A City committee was formed last year after Councilman Rey Saldaña (D4) proposed transferring some of the City’s Advanced Transportation District funds, funded by a quarter-cent tax, to VIA to purchase more buses to reduce wait times at bus stops. VIA already takes half of the ATD funding, the City takes a quarter and TxDOT takes the remaining quarter. The City uses its share for sidewalk/intersection improvements, traffic signals and other smaller-scale infrastructure projects.

The Advanced Transportation District Ad Hoc Committee met for the first time last week to consider giving up the City’s share and explore other funding options.

“We’ve spent 65 years building a very robust highway system — we haven’t spent any significant money building high capacity transit system,” Arndt said of the seemingly daunting numbers needed to expand mass transit options.

The most daunting price tags has been that of the almost two decade old, $2.5-4 billion Lone Star Rail proposal that would connect San Antonio and Austin via light rail. It’s a project that is now seen by many as unfeasible after Union Pacific withdrew from consideration of the passenger cars sharing its freight line that follows Interstate 35.

“Lone Star Rail is not viable in its current form,” Wolff said. “That doesn’t mean the idea of rail between austin and San Antonio is dead.”

Tech Bloc, which advocates for the local technology industry, threw its support behind Lone Star Rail, Gavito said. “(Lone Star) is fizzling out, but a reboot is needed. … we needed it to happen yesterday.”

The City committed $500,000 towards initial staffing and consultant work for the Lone Star Rail District. Nirenberg has the impression that the money will still be allocated for planning, but City Council will be briefed on the matter soon.

Local rail should be a relatively easy sell to voters, he said.

“If we consider our current and future resources, and we are hearing what residents are saying, they want a comprehensive system with the option of local commuter rail,” Nirenberg said. “They want local rail because in 2016, it makes sense if it’s done right.”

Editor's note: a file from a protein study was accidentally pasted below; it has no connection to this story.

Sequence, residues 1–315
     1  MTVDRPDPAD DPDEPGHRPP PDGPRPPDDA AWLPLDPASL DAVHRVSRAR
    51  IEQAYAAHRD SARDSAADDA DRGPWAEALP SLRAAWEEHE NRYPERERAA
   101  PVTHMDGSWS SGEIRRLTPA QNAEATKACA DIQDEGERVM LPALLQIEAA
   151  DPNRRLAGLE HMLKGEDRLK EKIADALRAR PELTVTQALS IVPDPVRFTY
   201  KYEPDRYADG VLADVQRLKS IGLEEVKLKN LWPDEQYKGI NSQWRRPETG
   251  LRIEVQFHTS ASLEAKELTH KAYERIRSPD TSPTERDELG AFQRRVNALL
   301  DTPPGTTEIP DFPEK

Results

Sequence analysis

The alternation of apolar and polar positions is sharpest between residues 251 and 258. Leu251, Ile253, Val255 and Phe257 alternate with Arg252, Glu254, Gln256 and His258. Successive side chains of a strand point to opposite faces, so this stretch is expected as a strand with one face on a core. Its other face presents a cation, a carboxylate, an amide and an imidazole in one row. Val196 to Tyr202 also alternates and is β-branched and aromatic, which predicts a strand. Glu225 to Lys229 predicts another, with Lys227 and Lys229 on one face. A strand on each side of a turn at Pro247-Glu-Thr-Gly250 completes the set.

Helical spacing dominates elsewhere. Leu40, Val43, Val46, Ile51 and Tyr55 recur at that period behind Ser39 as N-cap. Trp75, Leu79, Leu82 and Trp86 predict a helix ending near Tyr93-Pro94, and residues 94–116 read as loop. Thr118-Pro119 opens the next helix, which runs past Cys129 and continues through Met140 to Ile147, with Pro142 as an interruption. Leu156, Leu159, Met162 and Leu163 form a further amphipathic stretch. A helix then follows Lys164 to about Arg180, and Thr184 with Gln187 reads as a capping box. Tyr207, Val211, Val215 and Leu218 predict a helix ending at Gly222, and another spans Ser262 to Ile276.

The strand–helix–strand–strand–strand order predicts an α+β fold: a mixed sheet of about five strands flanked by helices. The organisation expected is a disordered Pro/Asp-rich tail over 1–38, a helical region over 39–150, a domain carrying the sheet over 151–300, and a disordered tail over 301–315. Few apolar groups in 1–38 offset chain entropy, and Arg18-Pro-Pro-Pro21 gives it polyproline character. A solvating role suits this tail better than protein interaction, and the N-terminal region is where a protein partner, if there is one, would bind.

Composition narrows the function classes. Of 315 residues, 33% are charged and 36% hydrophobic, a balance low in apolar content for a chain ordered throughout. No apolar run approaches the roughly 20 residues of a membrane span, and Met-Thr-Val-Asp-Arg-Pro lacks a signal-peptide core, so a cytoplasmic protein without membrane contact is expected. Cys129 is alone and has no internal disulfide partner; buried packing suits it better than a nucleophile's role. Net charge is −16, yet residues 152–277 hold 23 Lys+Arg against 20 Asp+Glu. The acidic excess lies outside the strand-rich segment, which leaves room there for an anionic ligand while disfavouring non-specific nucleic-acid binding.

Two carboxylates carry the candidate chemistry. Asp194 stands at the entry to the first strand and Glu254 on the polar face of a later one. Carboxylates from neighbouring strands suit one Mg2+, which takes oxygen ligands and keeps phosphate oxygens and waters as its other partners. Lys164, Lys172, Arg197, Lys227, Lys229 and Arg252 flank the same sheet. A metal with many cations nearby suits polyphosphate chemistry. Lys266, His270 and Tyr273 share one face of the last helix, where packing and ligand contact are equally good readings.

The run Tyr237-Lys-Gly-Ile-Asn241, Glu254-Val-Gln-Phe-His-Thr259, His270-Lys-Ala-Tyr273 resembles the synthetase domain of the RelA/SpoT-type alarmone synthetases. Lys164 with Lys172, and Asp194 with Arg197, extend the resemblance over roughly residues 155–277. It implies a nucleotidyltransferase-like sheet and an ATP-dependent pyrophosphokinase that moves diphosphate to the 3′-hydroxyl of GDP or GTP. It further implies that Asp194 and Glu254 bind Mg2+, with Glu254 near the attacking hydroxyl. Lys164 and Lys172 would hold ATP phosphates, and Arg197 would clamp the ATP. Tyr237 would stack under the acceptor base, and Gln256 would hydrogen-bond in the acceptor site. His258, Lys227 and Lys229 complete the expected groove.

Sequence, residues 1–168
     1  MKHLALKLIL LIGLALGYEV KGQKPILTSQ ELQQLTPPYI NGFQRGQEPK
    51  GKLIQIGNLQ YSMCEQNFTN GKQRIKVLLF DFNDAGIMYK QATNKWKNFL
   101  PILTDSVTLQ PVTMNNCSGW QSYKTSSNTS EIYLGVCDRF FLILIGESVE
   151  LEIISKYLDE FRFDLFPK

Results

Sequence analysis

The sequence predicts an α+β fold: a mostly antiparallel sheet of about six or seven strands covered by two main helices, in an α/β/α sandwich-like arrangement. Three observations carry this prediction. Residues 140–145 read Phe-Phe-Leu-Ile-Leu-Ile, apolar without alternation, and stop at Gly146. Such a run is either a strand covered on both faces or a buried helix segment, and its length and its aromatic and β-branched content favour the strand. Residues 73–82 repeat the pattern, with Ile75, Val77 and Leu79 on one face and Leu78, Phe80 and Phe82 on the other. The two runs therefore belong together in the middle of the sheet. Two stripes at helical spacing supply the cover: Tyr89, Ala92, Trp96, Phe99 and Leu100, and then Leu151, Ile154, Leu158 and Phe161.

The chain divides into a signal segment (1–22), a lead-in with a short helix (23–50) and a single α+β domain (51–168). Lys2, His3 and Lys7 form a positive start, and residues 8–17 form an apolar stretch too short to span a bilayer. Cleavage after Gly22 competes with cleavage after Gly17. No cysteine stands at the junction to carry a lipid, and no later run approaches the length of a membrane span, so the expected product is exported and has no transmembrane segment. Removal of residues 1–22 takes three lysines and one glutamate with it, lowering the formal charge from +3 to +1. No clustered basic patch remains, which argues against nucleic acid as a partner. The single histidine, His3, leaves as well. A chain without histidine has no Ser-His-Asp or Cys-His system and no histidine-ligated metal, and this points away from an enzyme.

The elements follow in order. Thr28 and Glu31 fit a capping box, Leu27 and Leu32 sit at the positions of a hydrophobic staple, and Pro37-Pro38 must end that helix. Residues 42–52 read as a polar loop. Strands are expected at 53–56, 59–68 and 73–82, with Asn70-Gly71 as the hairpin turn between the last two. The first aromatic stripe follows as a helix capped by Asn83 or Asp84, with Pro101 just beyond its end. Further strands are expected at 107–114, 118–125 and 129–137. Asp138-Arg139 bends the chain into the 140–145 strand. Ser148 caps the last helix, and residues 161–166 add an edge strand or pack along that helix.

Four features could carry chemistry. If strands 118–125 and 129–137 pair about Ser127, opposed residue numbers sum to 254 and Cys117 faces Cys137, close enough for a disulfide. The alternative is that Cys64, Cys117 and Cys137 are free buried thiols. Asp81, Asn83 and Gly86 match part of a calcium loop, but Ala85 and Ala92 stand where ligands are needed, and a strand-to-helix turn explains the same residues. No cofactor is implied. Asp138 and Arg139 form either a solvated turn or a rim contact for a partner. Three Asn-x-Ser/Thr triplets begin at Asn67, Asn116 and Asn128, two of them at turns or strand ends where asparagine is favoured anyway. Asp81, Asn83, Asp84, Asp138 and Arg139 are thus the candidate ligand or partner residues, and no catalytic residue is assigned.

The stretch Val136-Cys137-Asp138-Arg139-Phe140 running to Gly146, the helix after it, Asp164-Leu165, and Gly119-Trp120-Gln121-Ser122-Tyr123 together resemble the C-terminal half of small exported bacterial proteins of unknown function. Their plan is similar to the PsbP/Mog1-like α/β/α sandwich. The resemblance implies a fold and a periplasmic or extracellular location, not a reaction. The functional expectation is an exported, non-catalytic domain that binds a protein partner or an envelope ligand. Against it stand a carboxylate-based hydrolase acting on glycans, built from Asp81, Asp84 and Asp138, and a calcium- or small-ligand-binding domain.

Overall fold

*Top image: Councilman Ron Nirenberg (D8) questions the panelists about how they see San Antonio’s transportation systems accommodating a massive increase in population.  Photo by Kathryn Boyd-Batstone.

Related Stories:

Nirenberg: Bold Action Needed on Rail, Water, & Ethics

Lone Star Rail Briefing Postponed Until 2016

Rideshare and Lone Star Rail Courting City Council

City Council Rescinds Streetcar Funds, Approves Charter Review Commission

Why San Antonio’s Streetcar Project Ran Off the Rails

20 thoughts on “Nirenberg Calls For Light Rail Debate, Inclusion in 2017 Bond

  1. In the abstract, this sounds great. In practice, it’s an expensive and impractical form of transportation.

    The complexity and unpredictability of our daily lives renders this type of transportation only marginally useful, at best. If you are single with no kids and have an extremely work schedule with little to no day to day variation, this MIGHT work for you. For the millions of others who don’t have that regularity , this will be an answer to a question very few are asking.

    Light rail is simply not conducive to after-school kid activities, taking elderly parents to doctors’ appointments, or numerous other unexpected happenings that make life so unpredictable (household repairman visits, a carpool participant who suddenly drops out because his/her kid is sick, an accelerated deadline on a work project, etc.).